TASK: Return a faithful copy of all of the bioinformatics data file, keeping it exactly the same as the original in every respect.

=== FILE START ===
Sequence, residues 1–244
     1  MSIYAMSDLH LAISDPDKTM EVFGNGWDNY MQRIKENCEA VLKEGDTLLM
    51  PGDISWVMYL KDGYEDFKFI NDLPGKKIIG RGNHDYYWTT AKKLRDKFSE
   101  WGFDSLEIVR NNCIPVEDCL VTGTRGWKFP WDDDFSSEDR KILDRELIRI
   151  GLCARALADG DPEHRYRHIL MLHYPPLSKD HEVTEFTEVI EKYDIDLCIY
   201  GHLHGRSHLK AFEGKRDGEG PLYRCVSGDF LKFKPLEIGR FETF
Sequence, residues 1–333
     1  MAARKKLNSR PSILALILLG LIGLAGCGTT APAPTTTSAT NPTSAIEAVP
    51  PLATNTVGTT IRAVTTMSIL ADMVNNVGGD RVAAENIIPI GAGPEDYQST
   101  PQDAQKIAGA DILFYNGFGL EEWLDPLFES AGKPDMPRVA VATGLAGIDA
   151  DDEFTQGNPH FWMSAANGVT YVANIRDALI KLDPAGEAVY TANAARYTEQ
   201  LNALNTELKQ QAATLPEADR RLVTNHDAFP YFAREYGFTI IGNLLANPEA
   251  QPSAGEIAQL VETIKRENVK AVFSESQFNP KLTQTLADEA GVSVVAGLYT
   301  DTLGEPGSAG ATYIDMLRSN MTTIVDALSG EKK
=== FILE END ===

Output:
Sequence, residues 1–244
     1  MSIYAMSDLH LAISDPDKTM EVFGNGWDNY MQRIKENCEA VLKEGDTLLM
    51  PGDISWVMYL KDGYEDFKFI NDLPGKKIIG RGNHDYYWTT AKKLRDKFSE
   101  WGFDSLEIVR NNCIPVEDCL VTGTRGWKFP WDDDFSSEDR KILDRELIRI
   151  GLCARALADG DPEHRYRHIL MLHYPPLSKD HEVTEFTEVI EKYDIDLCIY
   201  GHLHGRSHLK AFEGKRDGEG PLYRCVSGDF LKFKPLEIGR FETF
Sequence, residues 1–333
     1  MAARKKLNSR PSILALILLG LIGLAGCGTT APAPTTTSAT NPTSAIEAVP
    51  PLATNTVGTT IRAVTTMSIL ADMVNNVGGD RVAAENIIPI GAGPEDYQST
   101  PQDAQKIAGA DILFYNGFGL EEWLDPLFES AGKPDMPRVA VATGLAGIDA
   151  DDEFTQGNPH FWMSAANGVT YVANIRDALI KLDPAGEAVY TANAARYTEQ
   201  LNALNTELKQ QAATLPEADR RLVTNHDAFP YFAREYGFTI IGNLLANPEA
   251  QPSAGEIAQL VETIKRENVK AVFSESQFNP KLTQTLADEA GVSVVAGLYT
   301  DTLGEPGSAG ATYIDMLRSN MTTIVDALSG EKK